The TAKE with Rick Klein
It might be that 52 is the new 65, and that President Joe Biden is demonstrating the upper limits of presidential approval ratings in a polarized time much like his predecessor showed its depths.
It might also be that Biden’s honeymoon is over — or that he never really had one at all.
The latest ABC News/Washington Post poll shows some of the contradictions and conflicting signals that are set to shape this phase of the Biden presidency. His standing is either holding strong as can be or is already falling behind, depending on political points of view and judgments about partisanship’s pull in 2021.
Biden’s approval rating is 10 points higher than former President Donald Trump’s was four years ago, yet 14 points below the 100-days-in average of presidents going back to 1945. For all the promise of aisle-crossing, exactly as many Republicans — 13% — approve of Biden as Democrats approved of Trump 100 days into his tumultuous term in office.
This week will mark 100 days and feature Biden’s first address to a joint session of Congress, with him going bolder and bigger yet with virtually no guaranteed legislative victories ahead.
There’s another contradiction that will take testing and unpacking: Americans by a 2-to-1 margin want Biden to make major changes to his proposals to win GOP support, even though his most popular achievement to date — the COVID-19 relief bill — passed with only Democratic votes.
Perhaps the best news out of this poll for the Biden White House are indications that voters are drifting from a vision of smaller government that provides fewer services more than they appear to have in more than 30 years.
That’s hardly an endorsement of trillions in new spending and a checklist of progressive policy priorities. At least, though, the public appears to be listening to the president — even one who’s speaking with less frequency and fervor than his predecessor.
The RUNDOWN with Averi Harper
Vice President Kamala Harris is continuing with one of her first forays into foreign policy by virtually meeting with Guatemalan President Alejandro Giammattei on Monday.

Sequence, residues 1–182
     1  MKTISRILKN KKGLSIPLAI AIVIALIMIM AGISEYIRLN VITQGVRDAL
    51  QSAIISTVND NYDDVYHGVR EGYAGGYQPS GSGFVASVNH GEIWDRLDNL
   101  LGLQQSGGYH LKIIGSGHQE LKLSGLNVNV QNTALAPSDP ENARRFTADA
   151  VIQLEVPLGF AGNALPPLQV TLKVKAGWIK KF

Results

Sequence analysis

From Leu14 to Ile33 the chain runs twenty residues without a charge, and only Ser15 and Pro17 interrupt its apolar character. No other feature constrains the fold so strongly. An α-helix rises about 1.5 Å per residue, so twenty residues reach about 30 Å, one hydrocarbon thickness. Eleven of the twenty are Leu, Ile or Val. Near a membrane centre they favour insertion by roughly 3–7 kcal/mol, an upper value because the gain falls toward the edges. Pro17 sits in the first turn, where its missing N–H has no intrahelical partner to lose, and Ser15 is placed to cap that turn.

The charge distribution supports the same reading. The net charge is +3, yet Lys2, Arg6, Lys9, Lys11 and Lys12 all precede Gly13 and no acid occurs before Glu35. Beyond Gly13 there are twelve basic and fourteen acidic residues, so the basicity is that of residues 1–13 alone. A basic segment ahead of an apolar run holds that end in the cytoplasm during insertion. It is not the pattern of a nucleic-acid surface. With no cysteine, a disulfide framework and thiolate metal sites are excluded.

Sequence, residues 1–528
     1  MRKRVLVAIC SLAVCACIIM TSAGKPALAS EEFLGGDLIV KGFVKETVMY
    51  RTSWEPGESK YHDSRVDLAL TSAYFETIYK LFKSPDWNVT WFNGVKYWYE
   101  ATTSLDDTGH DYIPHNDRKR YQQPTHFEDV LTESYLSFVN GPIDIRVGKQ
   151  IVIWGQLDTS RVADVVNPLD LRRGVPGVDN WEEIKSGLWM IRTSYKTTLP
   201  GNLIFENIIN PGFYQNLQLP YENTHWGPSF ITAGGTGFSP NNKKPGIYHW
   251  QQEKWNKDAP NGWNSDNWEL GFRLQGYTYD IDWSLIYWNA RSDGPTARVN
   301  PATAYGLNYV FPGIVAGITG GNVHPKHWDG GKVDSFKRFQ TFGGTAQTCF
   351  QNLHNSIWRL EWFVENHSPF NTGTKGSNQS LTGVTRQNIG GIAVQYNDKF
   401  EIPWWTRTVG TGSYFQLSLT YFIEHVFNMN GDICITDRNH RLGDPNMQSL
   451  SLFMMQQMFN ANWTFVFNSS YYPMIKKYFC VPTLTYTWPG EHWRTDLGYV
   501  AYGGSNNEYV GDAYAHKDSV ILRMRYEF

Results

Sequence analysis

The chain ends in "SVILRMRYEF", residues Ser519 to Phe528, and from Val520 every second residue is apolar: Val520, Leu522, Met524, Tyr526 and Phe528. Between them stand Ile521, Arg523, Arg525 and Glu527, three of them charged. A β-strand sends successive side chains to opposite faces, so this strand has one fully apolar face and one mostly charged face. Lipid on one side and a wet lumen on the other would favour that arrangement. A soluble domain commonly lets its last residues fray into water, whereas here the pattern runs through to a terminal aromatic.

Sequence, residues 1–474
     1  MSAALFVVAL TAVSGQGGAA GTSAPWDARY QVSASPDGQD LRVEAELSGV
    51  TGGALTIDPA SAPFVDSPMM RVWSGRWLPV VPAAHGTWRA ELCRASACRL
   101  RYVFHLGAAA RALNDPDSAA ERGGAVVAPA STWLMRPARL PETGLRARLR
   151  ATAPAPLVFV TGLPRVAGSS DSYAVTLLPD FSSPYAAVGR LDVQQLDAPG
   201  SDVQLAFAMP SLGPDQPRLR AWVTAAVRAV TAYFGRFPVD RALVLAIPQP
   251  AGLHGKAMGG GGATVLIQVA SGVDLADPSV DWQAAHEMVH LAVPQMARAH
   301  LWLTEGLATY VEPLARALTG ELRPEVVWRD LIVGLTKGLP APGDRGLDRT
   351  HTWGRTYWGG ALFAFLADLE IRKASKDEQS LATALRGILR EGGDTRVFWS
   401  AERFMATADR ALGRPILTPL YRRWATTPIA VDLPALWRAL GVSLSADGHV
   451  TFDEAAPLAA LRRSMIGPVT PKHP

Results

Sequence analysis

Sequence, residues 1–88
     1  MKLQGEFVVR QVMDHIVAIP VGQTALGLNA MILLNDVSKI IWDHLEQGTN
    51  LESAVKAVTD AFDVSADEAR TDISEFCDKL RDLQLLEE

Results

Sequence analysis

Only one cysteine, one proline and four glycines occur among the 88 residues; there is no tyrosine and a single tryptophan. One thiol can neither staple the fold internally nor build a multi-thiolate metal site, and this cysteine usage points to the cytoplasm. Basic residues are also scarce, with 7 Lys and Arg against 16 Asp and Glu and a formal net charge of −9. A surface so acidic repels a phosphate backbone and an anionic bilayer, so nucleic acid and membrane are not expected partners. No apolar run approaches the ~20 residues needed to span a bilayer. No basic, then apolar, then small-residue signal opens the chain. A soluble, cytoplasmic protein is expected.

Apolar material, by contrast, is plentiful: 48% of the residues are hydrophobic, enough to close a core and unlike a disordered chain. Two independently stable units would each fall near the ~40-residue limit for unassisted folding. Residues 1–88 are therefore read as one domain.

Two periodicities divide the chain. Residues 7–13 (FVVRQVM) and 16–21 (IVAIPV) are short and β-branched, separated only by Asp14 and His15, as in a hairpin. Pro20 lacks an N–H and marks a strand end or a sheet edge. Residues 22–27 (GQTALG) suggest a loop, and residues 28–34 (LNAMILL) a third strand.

The vice president, who has been tasked with stemming migration from Northern Triangle nations, will discuss relief efforts to aid the immediate needs of Guatemalans and continue talks on migration. She is also slated to virtually meet with Mexican President Andrés Manuel López Obrador next month and is expected to travel to Central America in June.
About a month into the vice president’s assignment, she’s already garnered the ire of Republicans like House Minority Leader Kevin McCarthy, R-Calif., who accuse Harris of not doing enough.
Harris has not indicated how she’ll measure success in the region, and in an interview with CNN aired Sunday the vice president tempered expectations.
“It’s not going to be solved overnight. It’s a complex issue,” said Harris. “Listen, if this were easy, it would have been handled years ago.”
Clarity on how the administration will define success in this area matters in both the short and long term for Harris. In the short term, her success could alleviate the crisis at the U.S. southern border. According to the latest ABC News/Washington Post poll, Biden has just 37% approval for his work on the immigration situation at the U.S.-Mexico border. In the long term, it could bolster confidence in Harris’ foreign policy chops as she plots her course post-Biden presidency.
The TIP with Alisa Wiersema
Another one of this year’s special elections concluded Saturday, as Louisiana state Sen. Troy Carter defeated his fellow state Sen. Karen Carter Peterson to replace Cedric Richmond, who left Congress to take a position as White House senior adviser.
A Democratic victory in the state’s only solidly blue district may not have been surprising, but the dynamics between the two candidates served up yet another example of the ongoing jockeying between the progressive and more moderate wings of the party. Despite generally agreeing on a Democratic policy platform, the candidates diverged in their approaches to the Green New Deal and bipartisanship.
Endorsements also weighed heavily into the broader context of the race. Carter had the early backing of Richmond and went on to implicitly tie his candidacy to the pandemic-era policies launched by the Biden Administration. Meanwhile, Carter Peterson was endorsed by high-profile progressives like Rep. Alexandria Ocasio-Cortez, Stacey Abrams and Sen. Elizabeth Warren. President Biden did not issue an endorsement in the race.
The addition of another Democrat in the House expands the party’s slim majority to 219. Three more blue-leaning districts in New Mexico, Florida and Ohio are also set to have special elections later this year.
ONE MORE THING
The latest ABC News/Washington Post poll shows that fewer than half of Americans see the Johnson & Johnson coronavirus vaccine as safe and barely more than a fifth of those not yet vaccinated would be willing to take it — yet overall intentions to get vaccinated have risen since January.
ABC News’ “Start Here” podcast. http://apple.co/2HPocUL
Monday morning’s episode features ABC News’ Anne Flaherty, who tells us what we need to know about the Johnson & Johnson vaccine now that it’s back in use. ABC News’ Conor Finnegan explains why Biden’s recognition of the Armenian genocide could impact America’s relationship with Turkey. And Liz Kreutz from our affiliate KGO tells us what Caitlyn Jenner’s entrance into the California governor’s race could mean for the effort to recall Gov. Gavin Newsom. http://apple.co/2HPocUL
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